LABELS: New World
WORKS: For Stefan Wolpe; Christian Wolff in Cambridge; Chorus and Instruments II
PERFORMER: Choir of St Ignatius of Antioch, New York/Harold Chaney; Benjamin Ramirez, Thomas Kolor (percussion), Stephen Foreman (tuba)
CATALOGUE NO: 80550-2
Hard to believe the young Feldman studied for several years with Stefan Wolpe, their musics on this CD sound so different. It was Wolpe too who introduced Feldman to the Abstract Expressionist painting that later became an aesthetic model for much of his music. Wolpe, a Jewish Marxist from Berlin, had fled from the Nazis in 1933, moving first to Vienna (where he studied with Webern), then to Palestine and finally, in 1938, to the USA. Though acknowledged as an influential teacher in the States, his music remains little-known. The two works here uphold his political allegiances. Two Chinese Epitaphs (1937), a mêlée of jagged phrases, is a brief, angry protest sparked by the bombing of Guernica; the Four Pieces for Mixed Chorus (1955) celebrate the new state of Israel with restless energy and sometimes rhapsodic affirmation.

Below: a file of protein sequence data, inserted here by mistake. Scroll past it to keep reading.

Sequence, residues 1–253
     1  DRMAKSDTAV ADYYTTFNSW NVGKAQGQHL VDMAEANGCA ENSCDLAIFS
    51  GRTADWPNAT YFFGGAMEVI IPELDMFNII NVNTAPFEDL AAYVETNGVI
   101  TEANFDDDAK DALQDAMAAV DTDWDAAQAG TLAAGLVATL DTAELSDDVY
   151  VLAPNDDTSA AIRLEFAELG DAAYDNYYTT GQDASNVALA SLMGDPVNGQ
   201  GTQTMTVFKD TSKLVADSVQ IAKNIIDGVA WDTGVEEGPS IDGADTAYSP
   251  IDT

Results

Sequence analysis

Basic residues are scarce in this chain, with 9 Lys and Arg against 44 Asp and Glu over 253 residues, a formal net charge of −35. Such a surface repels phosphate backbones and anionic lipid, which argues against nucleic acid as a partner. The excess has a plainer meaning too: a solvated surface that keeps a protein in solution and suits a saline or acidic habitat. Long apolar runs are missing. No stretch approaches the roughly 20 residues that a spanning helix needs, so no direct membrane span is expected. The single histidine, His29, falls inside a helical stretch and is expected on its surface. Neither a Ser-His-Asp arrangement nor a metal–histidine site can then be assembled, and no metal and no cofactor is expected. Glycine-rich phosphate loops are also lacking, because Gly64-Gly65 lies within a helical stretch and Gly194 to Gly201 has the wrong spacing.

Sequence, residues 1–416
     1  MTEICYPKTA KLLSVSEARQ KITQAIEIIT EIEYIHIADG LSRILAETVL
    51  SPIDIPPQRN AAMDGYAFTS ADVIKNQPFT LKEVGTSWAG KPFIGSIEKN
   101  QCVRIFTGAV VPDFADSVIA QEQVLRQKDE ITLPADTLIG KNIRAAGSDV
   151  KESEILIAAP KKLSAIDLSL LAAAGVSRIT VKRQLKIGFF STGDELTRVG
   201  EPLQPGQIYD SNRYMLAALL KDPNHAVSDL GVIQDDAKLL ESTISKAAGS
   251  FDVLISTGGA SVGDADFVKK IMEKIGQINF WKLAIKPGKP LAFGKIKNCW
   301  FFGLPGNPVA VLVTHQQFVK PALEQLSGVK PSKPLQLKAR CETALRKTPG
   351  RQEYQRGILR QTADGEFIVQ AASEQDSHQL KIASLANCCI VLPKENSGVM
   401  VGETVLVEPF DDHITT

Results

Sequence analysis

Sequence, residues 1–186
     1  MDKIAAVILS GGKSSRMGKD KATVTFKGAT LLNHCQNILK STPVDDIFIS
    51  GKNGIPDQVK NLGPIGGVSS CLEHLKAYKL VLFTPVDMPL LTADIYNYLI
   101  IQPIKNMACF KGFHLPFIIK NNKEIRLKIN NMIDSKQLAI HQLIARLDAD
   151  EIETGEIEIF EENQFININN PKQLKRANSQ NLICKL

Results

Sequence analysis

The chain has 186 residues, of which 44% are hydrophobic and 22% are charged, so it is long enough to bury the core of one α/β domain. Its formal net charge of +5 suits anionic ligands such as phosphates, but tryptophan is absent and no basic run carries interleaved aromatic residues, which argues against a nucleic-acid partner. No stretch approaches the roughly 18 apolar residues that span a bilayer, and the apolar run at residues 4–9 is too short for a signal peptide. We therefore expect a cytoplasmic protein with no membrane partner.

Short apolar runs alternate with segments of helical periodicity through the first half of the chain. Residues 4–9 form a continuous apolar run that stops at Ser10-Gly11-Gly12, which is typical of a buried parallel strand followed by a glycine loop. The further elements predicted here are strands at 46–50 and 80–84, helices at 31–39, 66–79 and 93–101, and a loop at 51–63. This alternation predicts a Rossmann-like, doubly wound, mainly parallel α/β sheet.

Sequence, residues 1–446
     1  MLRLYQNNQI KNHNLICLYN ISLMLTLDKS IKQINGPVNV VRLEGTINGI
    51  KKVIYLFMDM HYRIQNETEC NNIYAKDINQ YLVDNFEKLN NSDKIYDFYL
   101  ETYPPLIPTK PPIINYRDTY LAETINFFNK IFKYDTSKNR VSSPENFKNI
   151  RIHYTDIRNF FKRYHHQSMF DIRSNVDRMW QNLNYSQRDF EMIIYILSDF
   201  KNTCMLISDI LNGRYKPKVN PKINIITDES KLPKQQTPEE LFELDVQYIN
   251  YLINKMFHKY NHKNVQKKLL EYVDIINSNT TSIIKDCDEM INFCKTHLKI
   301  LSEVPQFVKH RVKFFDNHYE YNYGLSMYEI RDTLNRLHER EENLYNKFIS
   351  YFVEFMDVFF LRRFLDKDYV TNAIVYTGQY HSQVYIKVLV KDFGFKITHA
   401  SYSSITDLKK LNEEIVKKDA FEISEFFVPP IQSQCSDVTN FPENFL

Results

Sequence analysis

Feldman’s music, in contrast, is purely abstract, eschewing all conventional notions of form and expression. The 30-minute For Stefan Wolpe, a late work from 1986, alternates choral and instrumental passages, softly hummed chords and a murmur of vibraphones. It’s ethereal music – subtly-shifting colours that shimmer and hover on the brink of silence – but it’s also remarkably beautiful. New World’s documentation is, as so often, exemplary. Graham Lock